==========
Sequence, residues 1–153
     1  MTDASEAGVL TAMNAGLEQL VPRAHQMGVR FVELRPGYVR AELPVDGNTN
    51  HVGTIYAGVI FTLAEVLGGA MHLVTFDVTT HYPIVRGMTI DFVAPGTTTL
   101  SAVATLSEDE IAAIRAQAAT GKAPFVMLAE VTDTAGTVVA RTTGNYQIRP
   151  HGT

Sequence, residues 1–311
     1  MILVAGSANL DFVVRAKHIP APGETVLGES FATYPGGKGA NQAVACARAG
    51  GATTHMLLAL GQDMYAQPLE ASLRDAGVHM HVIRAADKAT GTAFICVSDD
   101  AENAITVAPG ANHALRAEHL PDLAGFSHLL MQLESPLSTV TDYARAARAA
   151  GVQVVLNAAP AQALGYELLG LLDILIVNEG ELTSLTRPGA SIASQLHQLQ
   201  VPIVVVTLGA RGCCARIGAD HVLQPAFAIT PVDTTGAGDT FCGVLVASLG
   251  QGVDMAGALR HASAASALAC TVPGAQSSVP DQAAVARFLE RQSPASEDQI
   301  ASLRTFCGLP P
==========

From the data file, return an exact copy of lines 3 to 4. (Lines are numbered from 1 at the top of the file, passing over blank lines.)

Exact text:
    51  HVGTIYAGVI FTLAEVLGGA MHLVTFDVTT HYPIVRGMTI DFVAPGTTTL
   101  SAVATLSEDE IAAIRAQAAT GKAPFVMLAE VTDTAGTVVA RTTGNYQIRP